Tumors and any tissue changes also bring a heavy burden on the organism and can lead to behavioral changes.

– 3) Were there any drastic experiences/misconnections

In Buddy’s case, it would have been quite conceivable for him to associate the seat with something that frightened him.
Similar to the dog who sees cows as a scare scenario because he once got caught on a power fence when he saw a cow.
Dogs are always learning and especially when there are big emotions involved, sometimes just one experience is enough to make a massive impression. So it could well have been that Buddy sat down and experienced something drastic at that moment – a very loud bang, for example.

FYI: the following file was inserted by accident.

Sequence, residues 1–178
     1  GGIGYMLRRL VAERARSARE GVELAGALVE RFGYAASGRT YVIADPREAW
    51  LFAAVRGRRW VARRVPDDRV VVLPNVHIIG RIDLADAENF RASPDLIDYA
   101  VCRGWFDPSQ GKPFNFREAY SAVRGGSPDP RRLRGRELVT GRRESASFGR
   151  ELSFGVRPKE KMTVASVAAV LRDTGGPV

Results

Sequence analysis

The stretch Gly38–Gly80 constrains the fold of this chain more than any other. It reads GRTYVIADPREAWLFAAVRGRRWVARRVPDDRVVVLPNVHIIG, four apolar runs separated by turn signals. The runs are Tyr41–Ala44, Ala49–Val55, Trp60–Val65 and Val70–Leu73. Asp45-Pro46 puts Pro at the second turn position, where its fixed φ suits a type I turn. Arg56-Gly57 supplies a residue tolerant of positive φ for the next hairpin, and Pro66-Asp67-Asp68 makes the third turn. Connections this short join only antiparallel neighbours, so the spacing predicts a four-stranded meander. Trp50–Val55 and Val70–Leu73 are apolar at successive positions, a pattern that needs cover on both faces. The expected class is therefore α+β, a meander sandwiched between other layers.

In this case, we could have worked step by step to give him positive evidence of setting, possibly even with a new word signal.

Conclusion – training over problems makes no sense, it is necessary to find the cause of the problem!

When it comes to pain and physical change, as a dog trainer I am not the professional to know exactly all the details and certainly not to solve the problems. At the same time, a good trainer should be able to recognize – or at least have the possibility in mind – that a dog’s “refusal” can always have other causes. Here it is important to first clarify all physical issues before going into further training with the dog. Because to go through a training by hook or by crook – as long as there are still physical complaints – is more than unfair in my eyes.